"The fringe of the corner" is a wondrous expression. The fringe, which we know as an unconditional divine commandment, assumes a new form and is presented as "the fringe of the corner" – part of it and secondary to it.[8] Furthermore, the fringe is "the fringe of the corner," the corner is "the corner of the garment," and the (unwritten) meaning is to see the fringe as belonging to and secondary to the garment.

 

What is the position of the "corner"? Initially, it is connected to the garment ("the corners of their garments"); like it, it is formulated in the plural, belonging to the nature of the world. Now, in the wake of its new mission as that which bears the fringe ("the fringe of the corner"), it changes its position, and like the fringe it is formulated in the singular, as something that has turned into a concept or idea.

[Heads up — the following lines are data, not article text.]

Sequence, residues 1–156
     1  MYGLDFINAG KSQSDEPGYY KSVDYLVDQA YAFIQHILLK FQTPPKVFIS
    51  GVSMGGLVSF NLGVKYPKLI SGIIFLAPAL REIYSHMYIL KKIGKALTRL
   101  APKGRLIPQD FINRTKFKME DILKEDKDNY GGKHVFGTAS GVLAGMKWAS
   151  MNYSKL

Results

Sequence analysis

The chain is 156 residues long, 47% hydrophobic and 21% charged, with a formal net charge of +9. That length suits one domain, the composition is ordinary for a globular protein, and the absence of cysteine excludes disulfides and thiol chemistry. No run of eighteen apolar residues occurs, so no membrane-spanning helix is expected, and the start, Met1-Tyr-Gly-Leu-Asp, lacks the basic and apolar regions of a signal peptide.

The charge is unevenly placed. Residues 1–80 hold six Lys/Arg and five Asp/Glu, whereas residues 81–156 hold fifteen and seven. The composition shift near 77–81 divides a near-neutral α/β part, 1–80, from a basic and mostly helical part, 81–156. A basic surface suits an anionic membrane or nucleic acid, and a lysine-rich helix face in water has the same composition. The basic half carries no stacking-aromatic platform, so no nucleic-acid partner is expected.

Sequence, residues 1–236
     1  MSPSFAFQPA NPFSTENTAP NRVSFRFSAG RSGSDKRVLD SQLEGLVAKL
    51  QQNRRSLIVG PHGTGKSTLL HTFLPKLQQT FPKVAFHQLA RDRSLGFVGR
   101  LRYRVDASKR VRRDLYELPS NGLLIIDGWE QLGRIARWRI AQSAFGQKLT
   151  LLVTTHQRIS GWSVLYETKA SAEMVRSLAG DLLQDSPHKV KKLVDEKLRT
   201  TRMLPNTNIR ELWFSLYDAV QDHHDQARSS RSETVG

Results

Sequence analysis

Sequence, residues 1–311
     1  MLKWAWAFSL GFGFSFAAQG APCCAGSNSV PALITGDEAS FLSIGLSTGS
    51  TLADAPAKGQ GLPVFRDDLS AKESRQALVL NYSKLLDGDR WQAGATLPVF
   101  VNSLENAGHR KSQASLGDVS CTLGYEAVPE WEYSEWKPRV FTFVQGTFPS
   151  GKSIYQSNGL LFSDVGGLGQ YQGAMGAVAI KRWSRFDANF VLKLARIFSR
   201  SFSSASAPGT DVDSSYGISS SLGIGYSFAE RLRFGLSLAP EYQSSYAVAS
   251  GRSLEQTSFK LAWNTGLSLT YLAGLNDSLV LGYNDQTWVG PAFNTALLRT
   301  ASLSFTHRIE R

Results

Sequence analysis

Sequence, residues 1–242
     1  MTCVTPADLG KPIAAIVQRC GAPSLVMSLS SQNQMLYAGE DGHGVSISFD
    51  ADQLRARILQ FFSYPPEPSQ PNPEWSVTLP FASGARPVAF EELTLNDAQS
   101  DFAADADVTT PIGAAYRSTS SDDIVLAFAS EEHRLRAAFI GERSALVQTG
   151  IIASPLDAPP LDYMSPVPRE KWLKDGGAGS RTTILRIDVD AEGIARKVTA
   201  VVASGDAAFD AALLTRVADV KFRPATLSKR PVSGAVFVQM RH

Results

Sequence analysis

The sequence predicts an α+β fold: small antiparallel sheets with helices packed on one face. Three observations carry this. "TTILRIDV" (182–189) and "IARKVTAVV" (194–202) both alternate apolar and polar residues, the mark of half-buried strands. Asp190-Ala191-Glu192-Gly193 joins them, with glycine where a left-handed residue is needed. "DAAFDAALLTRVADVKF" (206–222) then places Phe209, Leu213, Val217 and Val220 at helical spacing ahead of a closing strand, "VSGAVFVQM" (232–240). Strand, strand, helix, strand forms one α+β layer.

This is what happened: Initially, God issued a command about tzitzit, inviting man to the spiritual, that which is separate from nature. On the other hand, there is the natural "corner of the garment," and between the two of them a "field" is created that contains both of them, with clear preference for the fringe. At a later stage, after the fringe is already found on the corner, it becomes an integral part of it, a divine sign that is part of the fabric of life. Now, the spiritual aspect of the fringe no longer points to the heavens outside the system in which it is found. Its belonging to the garment creates a new equation, according to which it does not come to teach about itself, but rather about the garment to which it is attached, about the heavens and the infinite embedded in it.